Beloved Kenosha coffee shop closing its doors after 22 years

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KENOSHA, Wis. (CBS 58) -- It's the end of an era for a Kenosha coffee shop, and that's leaving longtime customers with a bittersweet taste. 

Common Grounds is closing its doors for good on Wednesday, Aug. 31.

We're along the lakefront in this neighborhood known as Harbor Side, historically a shipping port. The building has been here for 100 years, but perhaps some of its most successful have been the last 22, when Common Grounds coffee shop moved in.

It's busy as the final hours draw near.

"We're gonna miss this place, the food, the drink," said Guillermo Galindo, longtime customer.

"It's bittersweet to see it end, but it's a nice memory," said another longtime customer, Don Cress.

A line formed outside even before doors opened at 7 a.m. on this second-to-last day of business. 

"I was asking the same question a lot of other people were asking me -- 'where you gonna go now?'" said Cress.

Regulars say it's their coffeeshop "Cheers". 

"The morning you got all your friends that, you know, come over, all the regulars, and you get to know them and you talk to them," said customer Nino Gigliotti.

Common Grounds began leasing this space in 2000. The owner says back then, people doubted it would do well. But over the next two decades, the area grew around her with luxury condos, walking trails and a lot of green space.

"The area where Common Grounds was historically warehouse buildings, storage yards related to shipping," said Michael Maki, Kenosha community development specialist.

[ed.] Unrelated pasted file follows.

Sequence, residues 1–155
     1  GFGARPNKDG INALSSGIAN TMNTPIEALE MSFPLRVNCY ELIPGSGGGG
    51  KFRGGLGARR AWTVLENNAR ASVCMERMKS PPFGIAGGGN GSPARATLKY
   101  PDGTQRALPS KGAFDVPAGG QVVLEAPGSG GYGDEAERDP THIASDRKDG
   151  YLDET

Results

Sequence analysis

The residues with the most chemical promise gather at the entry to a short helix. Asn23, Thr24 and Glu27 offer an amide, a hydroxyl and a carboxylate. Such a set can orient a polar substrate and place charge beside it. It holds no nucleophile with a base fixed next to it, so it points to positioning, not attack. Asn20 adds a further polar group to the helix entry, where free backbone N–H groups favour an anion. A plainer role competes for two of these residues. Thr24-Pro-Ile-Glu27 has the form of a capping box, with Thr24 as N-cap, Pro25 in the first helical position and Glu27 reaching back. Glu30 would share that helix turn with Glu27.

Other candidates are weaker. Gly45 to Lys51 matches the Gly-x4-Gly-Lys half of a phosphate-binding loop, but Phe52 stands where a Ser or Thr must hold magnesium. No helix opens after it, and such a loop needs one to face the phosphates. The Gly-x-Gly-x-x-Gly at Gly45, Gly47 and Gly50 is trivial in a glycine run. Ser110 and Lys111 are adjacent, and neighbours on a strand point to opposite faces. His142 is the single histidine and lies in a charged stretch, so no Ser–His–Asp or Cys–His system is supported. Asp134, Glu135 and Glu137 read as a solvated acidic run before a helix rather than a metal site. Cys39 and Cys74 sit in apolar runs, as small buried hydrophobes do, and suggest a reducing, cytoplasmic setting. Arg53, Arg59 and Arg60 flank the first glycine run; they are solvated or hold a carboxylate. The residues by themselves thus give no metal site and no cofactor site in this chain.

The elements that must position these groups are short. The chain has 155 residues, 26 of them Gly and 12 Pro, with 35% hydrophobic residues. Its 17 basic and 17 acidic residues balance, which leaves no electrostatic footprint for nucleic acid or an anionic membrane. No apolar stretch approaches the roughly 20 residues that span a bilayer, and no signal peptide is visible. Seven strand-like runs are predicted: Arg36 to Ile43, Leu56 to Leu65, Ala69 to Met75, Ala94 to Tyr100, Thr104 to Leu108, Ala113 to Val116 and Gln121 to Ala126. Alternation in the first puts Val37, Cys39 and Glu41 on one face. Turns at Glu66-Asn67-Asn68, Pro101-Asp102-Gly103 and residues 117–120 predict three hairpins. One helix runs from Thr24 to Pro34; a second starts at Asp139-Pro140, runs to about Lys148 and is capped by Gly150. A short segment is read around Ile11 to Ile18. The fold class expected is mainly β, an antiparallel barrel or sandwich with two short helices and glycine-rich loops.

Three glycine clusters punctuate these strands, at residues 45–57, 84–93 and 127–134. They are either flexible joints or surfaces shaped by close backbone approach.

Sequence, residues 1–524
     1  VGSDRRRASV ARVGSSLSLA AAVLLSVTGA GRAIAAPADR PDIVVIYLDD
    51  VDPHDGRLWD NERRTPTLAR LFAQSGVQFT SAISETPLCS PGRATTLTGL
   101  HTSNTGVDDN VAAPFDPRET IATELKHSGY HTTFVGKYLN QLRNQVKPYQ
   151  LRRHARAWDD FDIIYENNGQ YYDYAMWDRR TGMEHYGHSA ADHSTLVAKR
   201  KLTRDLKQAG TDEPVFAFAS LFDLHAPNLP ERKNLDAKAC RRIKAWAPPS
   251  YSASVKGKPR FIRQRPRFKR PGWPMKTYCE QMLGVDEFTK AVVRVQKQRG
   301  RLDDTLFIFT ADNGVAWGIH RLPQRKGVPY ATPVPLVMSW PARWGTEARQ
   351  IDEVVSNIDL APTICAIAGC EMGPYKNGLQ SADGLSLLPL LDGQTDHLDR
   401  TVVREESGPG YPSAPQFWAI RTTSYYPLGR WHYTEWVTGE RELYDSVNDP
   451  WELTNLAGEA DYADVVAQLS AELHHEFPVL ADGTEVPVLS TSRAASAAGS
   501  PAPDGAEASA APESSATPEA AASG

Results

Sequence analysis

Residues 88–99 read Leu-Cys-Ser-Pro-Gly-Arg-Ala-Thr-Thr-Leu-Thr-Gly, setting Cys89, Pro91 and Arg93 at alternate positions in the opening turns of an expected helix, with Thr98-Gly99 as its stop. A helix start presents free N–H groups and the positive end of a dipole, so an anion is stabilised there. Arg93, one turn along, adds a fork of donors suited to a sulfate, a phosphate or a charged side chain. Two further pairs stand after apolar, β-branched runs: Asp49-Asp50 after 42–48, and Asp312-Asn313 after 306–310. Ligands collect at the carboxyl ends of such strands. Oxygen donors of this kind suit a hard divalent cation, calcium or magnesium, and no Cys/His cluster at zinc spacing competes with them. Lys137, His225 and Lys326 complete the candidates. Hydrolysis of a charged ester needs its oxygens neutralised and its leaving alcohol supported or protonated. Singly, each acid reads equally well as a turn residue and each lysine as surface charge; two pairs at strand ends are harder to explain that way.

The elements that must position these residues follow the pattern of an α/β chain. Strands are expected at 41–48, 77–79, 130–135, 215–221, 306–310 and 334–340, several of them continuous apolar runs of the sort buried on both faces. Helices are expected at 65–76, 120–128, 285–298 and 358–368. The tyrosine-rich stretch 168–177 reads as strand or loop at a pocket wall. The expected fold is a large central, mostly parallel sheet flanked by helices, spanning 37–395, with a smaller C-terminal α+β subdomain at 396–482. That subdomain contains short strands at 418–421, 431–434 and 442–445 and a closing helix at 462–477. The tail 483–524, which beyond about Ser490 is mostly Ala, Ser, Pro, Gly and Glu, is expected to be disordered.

This is what Kenosha's lakefront looked like dozens of years ago.

And this was Common Grounds' building in the 1930s. A fishing market, and later, offices of the visiting Kenosha nurses.

"It's important to have a small, locally-owned coffee shop, especially in a small, residential area that Harbor Park and the surrounding area has, so it was very important to have that business there. I think we're all gonna be sorry to see that business close," said Maki.

Coffee lovers were back on Tuesday, ordering their favorites and taking pictures for the memories.

"I'm drinking the green tea, iced chai. It's probably the drink that I ordered most growing up and this is like my last little taste of it," said customer Royce Galindo.

Things have been rough at the coffee shop since the pandemic started over two years ago, but for its faithful customers, getting through the rest of this week will be tough.

"I'm gonna come down here tomorrow. I -- hopefully, I don't start crying. It's gonna be sad because I probably won't see a lot of these people again," said Sue Gigliotti.

Two-and-a-half years after the pandemic began, this is sadly part of a continuing saga.

City staff are encouraging everyone to do their part to keep small businesses from folding.

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